Book Review: We Are Okay

We Are Okay (2017)
Nina LaCour

I had high expectations of this (dare I say ugly?) little book, because it was this year’s Printz Award winner. The Michael J. Printz Award is awarded by the American Library Association to the “best book for teens” in its publishing year (more information can be found by clicking here). It’s kind of like the Newbery Award for young adult literature.

It didn’t disappoint.

As the book opens, Marian is staying by herself in her college dorm room over the Christmas holidays. She is isolated in every way, physically, spiritually, and emotionally. Her self-imposed loneliness is easier for her to handle than examining her feelings about the recent death of the grandfather who raised her, the earlier death of her mother, and the fact that she can’t get herself to answer texts from her best friend, Mabel.

She knows Mabel is coming to visit and anticipates her coming with a mixture of dread and longing. As Mabel arrives, it becomes harder and harder for Marian to maintain her emotional walls, though she fights the cracks that form like a champ. As Mabel readies to go back home across the country, you wonder if this is another relationship that Marian will let go to protect herself.

Reminiscent of the best that John Green has written, LaCour’s introspective and utterly relate-able book is incredibly powerful in its 200 or so pages. A short and important read for anyone who’s ever lost anyone.

To request a copy, click here.

Review by Andrea Terry, Circulation Staff

Book Review: A Ride Worth Remembering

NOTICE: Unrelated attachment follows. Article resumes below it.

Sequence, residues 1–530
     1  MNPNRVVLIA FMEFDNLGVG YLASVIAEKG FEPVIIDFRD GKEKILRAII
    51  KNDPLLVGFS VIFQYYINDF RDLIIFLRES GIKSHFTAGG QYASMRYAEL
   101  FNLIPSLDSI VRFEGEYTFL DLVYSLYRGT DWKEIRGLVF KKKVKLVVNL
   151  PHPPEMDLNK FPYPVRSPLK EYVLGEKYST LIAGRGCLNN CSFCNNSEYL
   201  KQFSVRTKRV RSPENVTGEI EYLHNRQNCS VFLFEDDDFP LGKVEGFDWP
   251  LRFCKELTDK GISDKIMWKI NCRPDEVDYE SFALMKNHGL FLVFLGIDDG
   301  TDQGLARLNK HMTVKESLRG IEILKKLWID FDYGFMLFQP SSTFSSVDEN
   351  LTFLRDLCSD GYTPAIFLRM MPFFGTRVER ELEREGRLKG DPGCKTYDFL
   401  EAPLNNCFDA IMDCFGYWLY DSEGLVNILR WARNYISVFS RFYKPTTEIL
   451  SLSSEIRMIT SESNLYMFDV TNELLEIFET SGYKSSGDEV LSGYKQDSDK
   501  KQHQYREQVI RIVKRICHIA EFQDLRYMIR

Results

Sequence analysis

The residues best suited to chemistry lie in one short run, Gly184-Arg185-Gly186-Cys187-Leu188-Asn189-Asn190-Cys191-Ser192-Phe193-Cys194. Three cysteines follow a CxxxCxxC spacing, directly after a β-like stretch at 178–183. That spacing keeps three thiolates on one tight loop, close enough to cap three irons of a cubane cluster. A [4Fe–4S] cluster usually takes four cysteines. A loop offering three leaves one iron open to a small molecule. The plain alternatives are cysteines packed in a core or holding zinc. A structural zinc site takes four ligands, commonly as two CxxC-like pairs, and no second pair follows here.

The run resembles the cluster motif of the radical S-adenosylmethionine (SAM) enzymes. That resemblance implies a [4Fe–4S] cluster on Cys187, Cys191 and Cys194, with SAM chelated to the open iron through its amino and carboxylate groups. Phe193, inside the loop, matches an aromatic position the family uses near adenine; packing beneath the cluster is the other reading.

A Long Way Down (2017)
Jason Reynolds

But if the blood
inside you is on the inside
of someone else,

you never want to
see it on the outside
of them.

Will’s older brother Shawn was shot and killed the day before yesterday. Now 15-year-old Will is following “the rules” of the neighborhood: do not cry, do not snitch, but get revenge. With Shawn’s gun stashed in his waistband, Will is riding an elevator on his way to hunt down the guy. The elevator takes only 66 seconds to travel down, but it turns out that Will is not riding alone….

Almost the entirety of Jason Reynold’s newest young adult novel takes place in those 66 seconds. Reynolds has jested that his novel-in-verse is a cross between A Christmas Carol and Boyz N the Hood. While it’s an apt description, Long Way Down is also a brilliantly-crafted piece of storytelling. The language is economical, but it does not spare the reader some very difficult questions. In my humble opinion, the novel deserves every accolade that has come its way since publication in October. More importantly, Long Way Down, like all of Reynolds’ recent novels, deserves a wide and growing readership.

Click here to order a copy.

Review by Laurel Cox, Reference and Young Adult Librarian.

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